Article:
BR International (BRI) is an Australian company that is rapidly developing a reputation as a leading provider of global supply chain management solutions. The company provides its end-to-end supply chain solutions to a diverse range of organisations, from small businesses to large enterprises.
Established almost 40 years ago, BRI took on a new lease of live in the early 2000s when the company was acquired by current directors, Aaron Poole and Michael Bourne. Still in their thirties, the pair were enthusiastic, ambitious and had an eager eye for opportunity. Both were familiar with BRI and believed there was tremendous potential to grow the business.
In the nine years since, Poole and Bourne have worked constantly to achieve their vision. They have increased BRI’s scope of activity within Australia, embarked on a joint venture within Asia, and expanded their geographic coverage with the establishment of offices in New Zealand, Hong Kong, Vietnam, Holland and China. To keep pace with customer demand, the number of staff has jumped from 14 to 100.
And now, in 2013, BRI is looking for ways to gain a foothold in the lucrative North and South American markets. “Our aspiration is to continue to grow at the rate we’ve been growing,” Poole acknowledges.
Earlier this year, Poole was considering the systems and processes that BRI would need to support its next phase of growth when he realised that something wasn’t quite right.
“The warehouse is a very important part of our value added service. Orders arrive on a daily basis. Warehouse staff handle goods, forklift drivers shift pallets around the floor and we have a need to manage the outer and inner carton process. The need for a WMS [warehouse management system] tool to keep track of what is going on every single minute of the day is essential to our success. We found that our current system was not moving with the needs of our customers,” he explains.
“We had an in-house developed system that wasn’t able to grow with the business and clearly our competitiveness was suffering. In addition to this, clients’ needs and desires change on a regular basis so again our current system was not suitable.”
The company needed to implement the latest technologies – such as radio frequency [RF] and hand-held scanners, voice technology, advanced picking and packing capabilities – if it wanted to stay ahead of the competition and ensure higher levels of service to customers.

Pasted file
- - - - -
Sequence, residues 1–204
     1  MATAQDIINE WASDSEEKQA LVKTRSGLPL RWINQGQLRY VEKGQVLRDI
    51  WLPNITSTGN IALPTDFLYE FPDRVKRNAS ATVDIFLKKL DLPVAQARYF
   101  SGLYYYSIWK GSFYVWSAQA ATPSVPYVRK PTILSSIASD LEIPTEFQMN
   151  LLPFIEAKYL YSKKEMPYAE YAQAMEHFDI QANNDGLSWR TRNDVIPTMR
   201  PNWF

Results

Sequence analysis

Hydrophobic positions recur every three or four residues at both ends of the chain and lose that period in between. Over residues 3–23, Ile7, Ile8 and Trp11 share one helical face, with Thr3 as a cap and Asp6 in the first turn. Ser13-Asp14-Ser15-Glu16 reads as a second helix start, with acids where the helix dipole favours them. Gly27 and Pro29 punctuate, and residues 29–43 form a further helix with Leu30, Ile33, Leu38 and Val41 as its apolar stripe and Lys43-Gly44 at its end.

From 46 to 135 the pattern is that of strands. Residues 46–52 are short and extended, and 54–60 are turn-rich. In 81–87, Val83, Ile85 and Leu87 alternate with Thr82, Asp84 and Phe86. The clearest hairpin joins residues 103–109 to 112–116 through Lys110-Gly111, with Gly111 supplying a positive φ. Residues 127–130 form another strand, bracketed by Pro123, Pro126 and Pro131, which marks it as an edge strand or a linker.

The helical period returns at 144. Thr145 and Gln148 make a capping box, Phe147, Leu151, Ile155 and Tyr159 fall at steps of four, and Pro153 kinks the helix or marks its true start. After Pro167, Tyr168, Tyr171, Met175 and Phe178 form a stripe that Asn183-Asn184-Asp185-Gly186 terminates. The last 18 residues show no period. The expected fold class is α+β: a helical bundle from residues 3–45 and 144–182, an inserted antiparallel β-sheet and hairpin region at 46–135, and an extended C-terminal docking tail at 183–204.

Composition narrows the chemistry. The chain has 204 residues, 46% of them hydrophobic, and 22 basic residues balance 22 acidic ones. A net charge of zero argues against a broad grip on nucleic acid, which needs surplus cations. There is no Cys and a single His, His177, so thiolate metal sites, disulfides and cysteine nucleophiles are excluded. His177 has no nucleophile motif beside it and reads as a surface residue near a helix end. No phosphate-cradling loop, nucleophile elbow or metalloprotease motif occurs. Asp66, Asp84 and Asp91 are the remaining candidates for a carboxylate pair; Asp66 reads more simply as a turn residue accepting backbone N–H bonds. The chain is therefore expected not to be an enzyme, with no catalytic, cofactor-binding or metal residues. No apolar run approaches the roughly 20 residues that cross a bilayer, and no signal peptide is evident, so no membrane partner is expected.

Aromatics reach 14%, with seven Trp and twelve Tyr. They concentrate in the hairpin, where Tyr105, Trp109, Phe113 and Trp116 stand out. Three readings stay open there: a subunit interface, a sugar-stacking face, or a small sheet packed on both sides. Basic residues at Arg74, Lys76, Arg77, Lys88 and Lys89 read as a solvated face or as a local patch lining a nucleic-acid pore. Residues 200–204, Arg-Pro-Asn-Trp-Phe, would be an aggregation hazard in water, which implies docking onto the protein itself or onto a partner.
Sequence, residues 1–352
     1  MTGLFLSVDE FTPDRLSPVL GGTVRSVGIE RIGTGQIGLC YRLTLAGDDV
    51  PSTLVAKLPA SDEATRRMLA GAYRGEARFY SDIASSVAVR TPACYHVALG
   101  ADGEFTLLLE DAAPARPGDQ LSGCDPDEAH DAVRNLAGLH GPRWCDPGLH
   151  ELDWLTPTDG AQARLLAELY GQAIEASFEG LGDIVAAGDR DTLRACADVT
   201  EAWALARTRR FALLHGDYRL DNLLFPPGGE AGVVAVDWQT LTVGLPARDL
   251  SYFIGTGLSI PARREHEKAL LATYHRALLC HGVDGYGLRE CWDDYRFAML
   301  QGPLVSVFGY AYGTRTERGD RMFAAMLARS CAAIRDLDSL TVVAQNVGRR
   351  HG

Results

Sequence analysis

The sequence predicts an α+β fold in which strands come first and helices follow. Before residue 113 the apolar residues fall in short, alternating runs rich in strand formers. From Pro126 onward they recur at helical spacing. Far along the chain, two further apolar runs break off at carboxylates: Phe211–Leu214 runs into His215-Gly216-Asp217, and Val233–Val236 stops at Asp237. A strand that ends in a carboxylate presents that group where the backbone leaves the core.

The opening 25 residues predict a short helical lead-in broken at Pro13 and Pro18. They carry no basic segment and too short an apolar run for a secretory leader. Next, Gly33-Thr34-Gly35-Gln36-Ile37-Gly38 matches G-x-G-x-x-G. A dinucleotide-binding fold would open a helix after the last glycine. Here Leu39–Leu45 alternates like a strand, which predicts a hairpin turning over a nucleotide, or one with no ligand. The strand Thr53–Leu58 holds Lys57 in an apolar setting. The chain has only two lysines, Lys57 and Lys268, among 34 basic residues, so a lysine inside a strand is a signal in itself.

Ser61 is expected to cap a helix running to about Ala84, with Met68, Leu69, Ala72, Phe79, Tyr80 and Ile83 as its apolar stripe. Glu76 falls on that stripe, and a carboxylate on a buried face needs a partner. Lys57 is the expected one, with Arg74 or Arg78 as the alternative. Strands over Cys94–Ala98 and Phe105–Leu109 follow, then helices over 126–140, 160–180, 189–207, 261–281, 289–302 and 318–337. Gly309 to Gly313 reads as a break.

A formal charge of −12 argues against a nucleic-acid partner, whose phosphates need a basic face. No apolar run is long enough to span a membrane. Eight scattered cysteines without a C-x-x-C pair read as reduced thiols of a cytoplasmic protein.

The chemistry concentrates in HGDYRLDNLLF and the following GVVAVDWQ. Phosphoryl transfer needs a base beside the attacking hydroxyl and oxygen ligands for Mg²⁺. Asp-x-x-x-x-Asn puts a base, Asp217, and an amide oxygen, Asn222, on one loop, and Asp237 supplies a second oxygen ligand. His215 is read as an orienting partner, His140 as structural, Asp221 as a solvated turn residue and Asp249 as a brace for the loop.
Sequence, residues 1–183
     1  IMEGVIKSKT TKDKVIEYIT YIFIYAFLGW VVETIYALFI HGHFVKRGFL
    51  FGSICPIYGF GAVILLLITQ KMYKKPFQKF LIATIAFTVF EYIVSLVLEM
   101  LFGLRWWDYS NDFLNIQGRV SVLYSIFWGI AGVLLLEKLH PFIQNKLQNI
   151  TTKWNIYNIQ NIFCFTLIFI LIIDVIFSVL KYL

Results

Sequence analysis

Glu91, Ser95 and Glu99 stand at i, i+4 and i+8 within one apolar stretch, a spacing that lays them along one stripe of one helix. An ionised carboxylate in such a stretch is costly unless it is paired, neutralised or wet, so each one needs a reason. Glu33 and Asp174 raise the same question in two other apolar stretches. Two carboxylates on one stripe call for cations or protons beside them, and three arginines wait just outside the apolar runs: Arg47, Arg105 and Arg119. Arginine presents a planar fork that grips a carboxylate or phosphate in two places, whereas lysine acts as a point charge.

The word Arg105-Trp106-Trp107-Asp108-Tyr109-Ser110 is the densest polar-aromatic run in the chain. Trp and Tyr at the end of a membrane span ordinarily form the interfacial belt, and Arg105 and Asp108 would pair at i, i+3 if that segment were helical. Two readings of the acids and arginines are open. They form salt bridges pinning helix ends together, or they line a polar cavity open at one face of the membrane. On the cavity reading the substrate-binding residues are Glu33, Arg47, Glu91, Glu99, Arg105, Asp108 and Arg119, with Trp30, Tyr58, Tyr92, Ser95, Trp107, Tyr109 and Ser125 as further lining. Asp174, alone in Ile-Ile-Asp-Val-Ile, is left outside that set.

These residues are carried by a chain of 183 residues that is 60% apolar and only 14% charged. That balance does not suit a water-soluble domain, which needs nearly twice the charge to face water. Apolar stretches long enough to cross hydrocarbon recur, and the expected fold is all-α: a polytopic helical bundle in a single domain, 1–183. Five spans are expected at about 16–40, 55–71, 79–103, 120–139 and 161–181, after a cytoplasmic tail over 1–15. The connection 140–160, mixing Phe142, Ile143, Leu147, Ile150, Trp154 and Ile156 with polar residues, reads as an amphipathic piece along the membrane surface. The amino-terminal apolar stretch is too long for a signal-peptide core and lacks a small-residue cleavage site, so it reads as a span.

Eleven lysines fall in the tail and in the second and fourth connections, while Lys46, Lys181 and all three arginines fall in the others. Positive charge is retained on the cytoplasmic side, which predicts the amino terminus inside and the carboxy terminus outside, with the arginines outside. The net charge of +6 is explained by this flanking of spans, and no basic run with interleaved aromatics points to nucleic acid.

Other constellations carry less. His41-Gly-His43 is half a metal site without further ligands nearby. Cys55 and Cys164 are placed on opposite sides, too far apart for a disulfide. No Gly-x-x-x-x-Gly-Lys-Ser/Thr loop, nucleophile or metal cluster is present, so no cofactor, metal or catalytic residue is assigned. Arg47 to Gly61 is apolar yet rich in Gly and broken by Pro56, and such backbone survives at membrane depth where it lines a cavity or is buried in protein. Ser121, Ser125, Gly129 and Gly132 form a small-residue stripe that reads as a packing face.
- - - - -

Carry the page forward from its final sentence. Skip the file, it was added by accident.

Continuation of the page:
To find the right warehouse solution for BRI’s future, Poole prepared an RFP [request for proposal], outlining the company’s expectations. High on his list of essentials were ease of use and the ability to streamline functionality within the warehouse. The software had to be flexible, have room to grow, and be capable of integration with customer information systems. It had to offer value for money and ideally, Poole wanted a solution that was Australian owned, developed by a vendor committed to the logistics industry and who would be equally committed to BRI’s business.
At a technical level, Poole’s requirements included system to system integration, bar coding, complete back-office integration, real-time inventory updates, an RF capability with handheld technology extension, strong report management, advanced picking and labeling technology and inventory management through to allocation.
Critically, given BRI’s international activities, Poole also wanted the assurance of a system that had been successfully deployed overseas.
“In the end, we selected InfoMotion. Their system met our immediate RFQ so there was no need to add time for further customisation, and clearly, the company has done some research because they show a great understanding of what a third party logistics provider needs.”
Ever ambitious, Poole set a four-to-eight week deadline for deployment of the system at BRI’s Australian headquarters, a warehouse located in Sydney.
“It was an extremely aggressive target but we needed to get the system in,” Poole admits. “The existing system was not doing what was needed and labour costs were increasing as a result. InfoMotion saw our need, accepted the timing and were prepared to do whatever was required.”
As soon as the Sydney warehouse was up and running, Poole began planning further roll-outs for Melbourne, Brisbane and Perth. These are now under way and are expected to be completed before the end of the year.
Although only one warehouse is currently operating on InfoMotion, Poole confirms the company is already receiving a return on the software investment. Automation has eliminated most manual practices in the warehouse, including the picking and receiving functions.
“This has allowed us to take between 100 and 120 hours of labour per week out of the Sydney operation,” Poole notes.
Order accuracy has improved and impressively, Poole says there has been a five per cent improvement in key performance indicators (KPIs) such as orders that are “Delivered in full on time” (DIFOT). Operating and inventory holding costs have been reduced. Productivity is on the rise, and management finally has full order visibility through to customer integration.